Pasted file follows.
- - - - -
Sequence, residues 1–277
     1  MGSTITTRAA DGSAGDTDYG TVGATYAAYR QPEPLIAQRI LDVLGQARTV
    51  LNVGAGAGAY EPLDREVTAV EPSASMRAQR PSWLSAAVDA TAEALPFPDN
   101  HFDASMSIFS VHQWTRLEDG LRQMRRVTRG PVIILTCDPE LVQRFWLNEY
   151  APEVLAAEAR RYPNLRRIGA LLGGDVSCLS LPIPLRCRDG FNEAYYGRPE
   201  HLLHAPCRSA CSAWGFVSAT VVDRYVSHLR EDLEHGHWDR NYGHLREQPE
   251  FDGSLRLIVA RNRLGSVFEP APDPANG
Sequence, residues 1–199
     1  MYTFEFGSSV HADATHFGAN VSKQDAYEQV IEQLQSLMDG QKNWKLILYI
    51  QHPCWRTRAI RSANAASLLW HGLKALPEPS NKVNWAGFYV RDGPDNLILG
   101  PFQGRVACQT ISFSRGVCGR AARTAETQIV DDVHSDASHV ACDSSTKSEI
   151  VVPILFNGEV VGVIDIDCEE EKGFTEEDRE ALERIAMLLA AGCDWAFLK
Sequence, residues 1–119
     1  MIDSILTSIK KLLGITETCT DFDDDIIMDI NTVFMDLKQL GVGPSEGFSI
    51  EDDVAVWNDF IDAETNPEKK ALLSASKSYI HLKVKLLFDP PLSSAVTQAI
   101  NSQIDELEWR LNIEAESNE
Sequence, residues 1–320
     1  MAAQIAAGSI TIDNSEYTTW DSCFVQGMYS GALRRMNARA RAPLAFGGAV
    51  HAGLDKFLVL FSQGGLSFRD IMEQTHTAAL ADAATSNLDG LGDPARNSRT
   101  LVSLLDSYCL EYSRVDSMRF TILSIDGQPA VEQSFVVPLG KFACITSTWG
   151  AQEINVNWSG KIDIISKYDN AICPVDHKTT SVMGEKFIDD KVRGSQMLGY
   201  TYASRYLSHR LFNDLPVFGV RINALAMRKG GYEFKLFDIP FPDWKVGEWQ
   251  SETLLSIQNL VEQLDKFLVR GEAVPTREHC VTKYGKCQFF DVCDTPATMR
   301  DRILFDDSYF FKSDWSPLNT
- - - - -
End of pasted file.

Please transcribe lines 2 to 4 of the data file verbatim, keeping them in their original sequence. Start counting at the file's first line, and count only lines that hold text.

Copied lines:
     1  MGSTITTRAA DGSAGDTDYG TVGATYAAYR QPEPLIAQRI LDVLGQARTV
    51  LNVGAGAGAY EPLDREVTAV EPSASMRAQR PSWLSAAVDA TAEALPFPDN
   101  HFDASMSIFS VHQWTRLEDG LRQMRRVTRG PVIILTCDPE LVQRFWLNEY